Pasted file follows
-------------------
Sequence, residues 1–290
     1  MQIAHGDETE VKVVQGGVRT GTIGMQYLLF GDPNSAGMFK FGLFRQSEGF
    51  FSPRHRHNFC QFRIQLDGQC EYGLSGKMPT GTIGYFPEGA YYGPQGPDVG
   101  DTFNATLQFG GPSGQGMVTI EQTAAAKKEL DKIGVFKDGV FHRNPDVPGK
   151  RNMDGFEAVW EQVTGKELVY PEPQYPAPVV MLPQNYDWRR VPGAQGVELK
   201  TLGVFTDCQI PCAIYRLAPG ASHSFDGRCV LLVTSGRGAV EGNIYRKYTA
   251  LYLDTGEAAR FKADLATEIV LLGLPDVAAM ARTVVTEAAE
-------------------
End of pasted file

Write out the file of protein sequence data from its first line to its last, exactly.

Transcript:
Sequence, residues 1–290
     1  MQIAHGDETE VKVVQGGVRT GTIGMQYLLF GDPNSAGMFK FGLFRQSEGF
    51  FSPRHRHNFC QFRIQLDGQC EYGLSGKMPT GTIGYFPEGA YYGPQGPDVG
   101  DTFNATLQFG GPSGQGMVTI EQTAAAKKEL DKIGVFKDGV FHRNPDVPGK
   151  RNMDGFEAVW EQVTGKELVY PEPQYPAPVV MLPQNYDWRR VPGAQGVELK
   201  TLGVFTDCQI PCAIYRLAPG ASHSFDGRCV LLVTSGRGAV EGNIYRKYTA
   251  LYLDTGEAAR FKADLATEIV LLGLPDVAAM ARTVVTEAAE